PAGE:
In 1872, construction of an artillery base began around Portland Head Light, which in 1899 would be named Fort Williams, after Major General Seth Williams of the Civil War. The fort was to guard the southern entrance to Portland Harbor. Active between 1899 and 1962, the fort was then purchased by the town for about $200,000. Today, Fort Williams Park includes Portland Head Light and museum, some remains of the military fort, the ruins of Goddard Mansion, tennis courts, a baseball diamond and grandstand, and other recreation facilities. The park is maintained by the town which has repeatedly opted out of parking fees to ensure the park is maintained for use free of charge to the public.

  • Cape Cottage Casino in 1908

  • Cape Cottage Theatre in 1908

  • Entrance to Fort Williams in 1907

  • Making lobster traps c. 1904

Read more about this topic:  Cape Elizabeth, Maine

Other articles related to "history":

History of Computing
... The history of computing is longer than the history of computing hardware and modern computing technology and includes the history of methods intended for pen and paper or for chalk and ...
Spain - History - Fall of Muslim Rule and Unification
... The breakup of Al-Andalus into the competing taifa kingdoms helped the long embattled Iberian Christian kingdoms gain the initiative ... The capture of the strategically central city of Toledo in 1085 marked a significant shift in the balance of power in favour of the Christian kingdoms ...
Voltaire - Works - Historical
... History of Charles XII, King of Sweden (1731) The Age of Louis XIV (1751) The Age of Louis XV (1746–1752) Annals of the Empire – Charlemagne, A.D ... II (1754) Essay on the Manners of Nations (or 'Universal History') (1756) History of the Russian Empire Under Peter the Great (Vol ... II 1763) History of the Parliament of Paris (1769) ...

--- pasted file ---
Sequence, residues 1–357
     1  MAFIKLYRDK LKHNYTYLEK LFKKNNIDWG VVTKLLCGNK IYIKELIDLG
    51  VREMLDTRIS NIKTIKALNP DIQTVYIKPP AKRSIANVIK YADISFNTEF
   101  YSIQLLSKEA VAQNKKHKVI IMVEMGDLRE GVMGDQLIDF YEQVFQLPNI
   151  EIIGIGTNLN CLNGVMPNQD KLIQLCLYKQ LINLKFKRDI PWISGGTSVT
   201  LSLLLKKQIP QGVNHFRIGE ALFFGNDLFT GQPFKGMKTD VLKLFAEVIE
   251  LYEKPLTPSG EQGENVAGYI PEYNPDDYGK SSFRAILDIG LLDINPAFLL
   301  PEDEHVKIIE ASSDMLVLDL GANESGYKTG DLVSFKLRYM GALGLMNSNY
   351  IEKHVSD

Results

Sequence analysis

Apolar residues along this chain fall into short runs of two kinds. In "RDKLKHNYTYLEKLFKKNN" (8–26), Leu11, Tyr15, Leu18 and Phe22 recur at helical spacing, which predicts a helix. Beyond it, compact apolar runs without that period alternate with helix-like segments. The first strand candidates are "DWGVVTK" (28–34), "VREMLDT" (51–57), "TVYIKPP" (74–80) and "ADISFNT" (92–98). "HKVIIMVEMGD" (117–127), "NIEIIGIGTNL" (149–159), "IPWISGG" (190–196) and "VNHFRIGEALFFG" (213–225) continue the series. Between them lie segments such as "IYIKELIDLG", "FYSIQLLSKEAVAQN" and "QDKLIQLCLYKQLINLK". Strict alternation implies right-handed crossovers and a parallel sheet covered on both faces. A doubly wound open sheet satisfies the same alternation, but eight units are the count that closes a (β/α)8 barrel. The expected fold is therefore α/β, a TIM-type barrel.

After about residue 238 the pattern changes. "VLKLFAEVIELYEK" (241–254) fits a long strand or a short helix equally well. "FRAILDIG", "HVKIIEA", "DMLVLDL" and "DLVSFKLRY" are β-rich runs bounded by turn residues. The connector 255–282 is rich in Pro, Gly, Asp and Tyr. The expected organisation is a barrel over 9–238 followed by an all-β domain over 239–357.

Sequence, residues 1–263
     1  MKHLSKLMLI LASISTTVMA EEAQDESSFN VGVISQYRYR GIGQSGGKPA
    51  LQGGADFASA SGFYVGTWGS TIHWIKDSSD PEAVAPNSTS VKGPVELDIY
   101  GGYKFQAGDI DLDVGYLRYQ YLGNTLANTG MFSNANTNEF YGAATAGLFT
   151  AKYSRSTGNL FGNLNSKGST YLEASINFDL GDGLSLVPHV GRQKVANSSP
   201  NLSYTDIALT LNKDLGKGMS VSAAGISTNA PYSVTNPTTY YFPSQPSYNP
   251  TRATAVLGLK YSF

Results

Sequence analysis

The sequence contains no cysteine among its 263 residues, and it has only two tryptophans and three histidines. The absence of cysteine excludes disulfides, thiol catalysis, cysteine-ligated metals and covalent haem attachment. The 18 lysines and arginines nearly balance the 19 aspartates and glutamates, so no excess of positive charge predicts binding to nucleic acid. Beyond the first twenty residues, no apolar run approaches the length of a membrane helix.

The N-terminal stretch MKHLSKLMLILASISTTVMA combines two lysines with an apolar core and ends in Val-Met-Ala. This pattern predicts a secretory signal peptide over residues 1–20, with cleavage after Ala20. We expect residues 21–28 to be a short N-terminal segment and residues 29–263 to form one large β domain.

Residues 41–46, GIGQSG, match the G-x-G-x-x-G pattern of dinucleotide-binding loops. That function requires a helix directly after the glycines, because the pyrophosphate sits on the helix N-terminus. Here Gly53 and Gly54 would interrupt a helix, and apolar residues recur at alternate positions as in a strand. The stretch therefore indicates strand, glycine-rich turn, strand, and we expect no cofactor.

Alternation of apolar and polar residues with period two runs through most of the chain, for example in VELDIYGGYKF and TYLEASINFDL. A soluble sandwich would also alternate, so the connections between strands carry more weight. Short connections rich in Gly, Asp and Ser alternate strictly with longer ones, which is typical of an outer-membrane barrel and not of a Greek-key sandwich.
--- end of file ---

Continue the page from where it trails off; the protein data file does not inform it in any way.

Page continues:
Xia Dynasty - Modern Skepticism
... The Skeptical School of early Chinese history, started by Gu Jiegang in the 1920s, was the first group of scholars within China to seriously question the traditional story of its early ... early Chinese history is a tale told and retold for generations, during which new elements were added to the front end" ...
Casino - History of Gambling Houses
... form or another has been seen in almost every society in history ... From the Ancient Greeks and Romans to Napoleon's France and Elizabethan England, much of history is filled with stories of entertainment based on games of chance ... In American history, early gambling establishments were known as saloons ...

Famous quotes containing the word history:

    When the history of guilt is written, parents who refuse their children money will be right up there in the Top Ten.
    Erma Brombeck (20th century)

    No one can understand Paris and its history who does not understand that its fierceness is the balance and justification of its frivolity. It is called a city of pleasure; but it may also very specially be called a city of pain. The crown of roses is also a crown of thorns. Its people are too prone to hurt others, but quite ready also to hurt themselves. They are martyrs for religion, they are martyrs for irreligion; they are even martyrs for immorality.
    Gilbert Keith Chesterton (1874–1936)

    The history of any nation follows an undulatory course. In the trough of the wave we find more or less complete anarchy; but the crest is not more or less complete Utopia, but only, at best, a tolerably humane, partially free and fairly just society that invariably carries within itself the seeds of its own decadence.
    Aldous Huxley (1894–1963)